Careers & Certifications

02:30 AM
Connect Directly
RSS
E-Mail
50%
50%

Sony Enters NAS Fray

Can Sony differentiate itself in this increasingly crowded market?

Sony Electronics announced today that it will start shipping its first three network attached storage (NAS) products in the upcoming fourth quarter (see Sony Unveils Network Appliances). But analysts question whether the company can make an impact in this already crowded market.

Let's take it from the top. The FSV-E1 StorStation has a capacity of 80 gigabytes and is intended for the small office/home office (SOHO) market. It is based on the Linux operating system and will cost $1,300 when it ships in October. Future versions of the device will be equipped to link to household electronic equipment, such as security systems, Sony says.

The slightly more upscale FSV-M1 has four hard drives that can be set up as redundant arrays of independent disks (RAID) for data security. Designed for branch offices and small corporate workgroups, it handles up to 480 gigabytes of data and is compatible with gigabit Ethernet. The product can transfer data to Sonys AIT tape libraries. Sony has not yet set pricing on this unit, which is slated to ship in November.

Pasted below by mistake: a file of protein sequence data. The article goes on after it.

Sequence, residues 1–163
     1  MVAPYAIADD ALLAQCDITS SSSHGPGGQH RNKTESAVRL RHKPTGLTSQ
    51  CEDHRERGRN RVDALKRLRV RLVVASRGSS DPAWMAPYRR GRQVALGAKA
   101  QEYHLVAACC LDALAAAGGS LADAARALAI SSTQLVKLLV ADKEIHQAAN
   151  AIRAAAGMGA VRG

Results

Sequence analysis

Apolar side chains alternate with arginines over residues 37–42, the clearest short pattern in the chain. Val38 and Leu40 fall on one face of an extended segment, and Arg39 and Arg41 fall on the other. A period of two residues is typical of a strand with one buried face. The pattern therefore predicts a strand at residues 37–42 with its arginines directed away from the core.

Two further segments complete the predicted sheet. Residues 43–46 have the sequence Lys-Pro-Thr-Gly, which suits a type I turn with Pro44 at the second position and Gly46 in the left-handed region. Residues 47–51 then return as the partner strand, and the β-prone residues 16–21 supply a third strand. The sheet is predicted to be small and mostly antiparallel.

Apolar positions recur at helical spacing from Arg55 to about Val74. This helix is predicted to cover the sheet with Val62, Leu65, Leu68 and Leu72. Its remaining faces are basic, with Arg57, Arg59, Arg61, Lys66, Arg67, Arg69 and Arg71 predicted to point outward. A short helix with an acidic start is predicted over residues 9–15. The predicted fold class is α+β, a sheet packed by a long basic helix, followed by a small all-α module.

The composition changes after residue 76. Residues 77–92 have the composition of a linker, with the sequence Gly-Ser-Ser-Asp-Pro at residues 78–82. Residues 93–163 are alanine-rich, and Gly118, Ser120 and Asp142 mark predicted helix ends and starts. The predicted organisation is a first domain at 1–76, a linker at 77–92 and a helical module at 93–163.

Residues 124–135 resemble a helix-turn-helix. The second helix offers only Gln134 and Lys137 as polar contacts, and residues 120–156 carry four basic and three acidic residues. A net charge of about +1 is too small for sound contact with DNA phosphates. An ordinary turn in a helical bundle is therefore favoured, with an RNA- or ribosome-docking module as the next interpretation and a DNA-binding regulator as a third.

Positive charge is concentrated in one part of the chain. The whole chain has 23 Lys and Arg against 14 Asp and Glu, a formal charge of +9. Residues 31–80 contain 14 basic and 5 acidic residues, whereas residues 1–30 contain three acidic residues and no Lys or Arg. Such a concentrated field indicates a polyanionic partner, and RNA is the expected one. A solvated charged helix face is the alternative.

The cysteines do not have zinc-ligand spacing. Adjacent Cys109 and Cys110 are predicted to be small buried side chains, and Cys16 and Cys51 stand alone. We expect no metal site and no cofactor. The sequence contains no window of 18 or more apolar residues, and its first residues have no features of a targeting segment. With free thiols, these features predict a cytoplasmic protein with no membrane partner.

Sony’s third new model, the BSV-M1, is a network backup server that will come bundled with Sony’s rack-mountable AIT library. The device backs up 2 terabytes of data on the library. Sony hasn’t yet priced the BSV-MI, which also is slated to ship in November.

The new lineup sounds terrific, but analysts say Sony will have its work cut out to stay ahead of the pack.

Previous
1 of 3
Next
Comment  | 
Print  | 
More Insights
Slideshows
Cartoon
Audio Interviews
Archived Audio Interviews
Jeremy Schulman, founder of Schprockits, a network automation startup operating in stealth mode, joins us to explore whether networking professionals all need to learn programming in order to remain employed.
White Papers
Register for Network Computing Newsletters
Current Issue
Video
Twitter Feed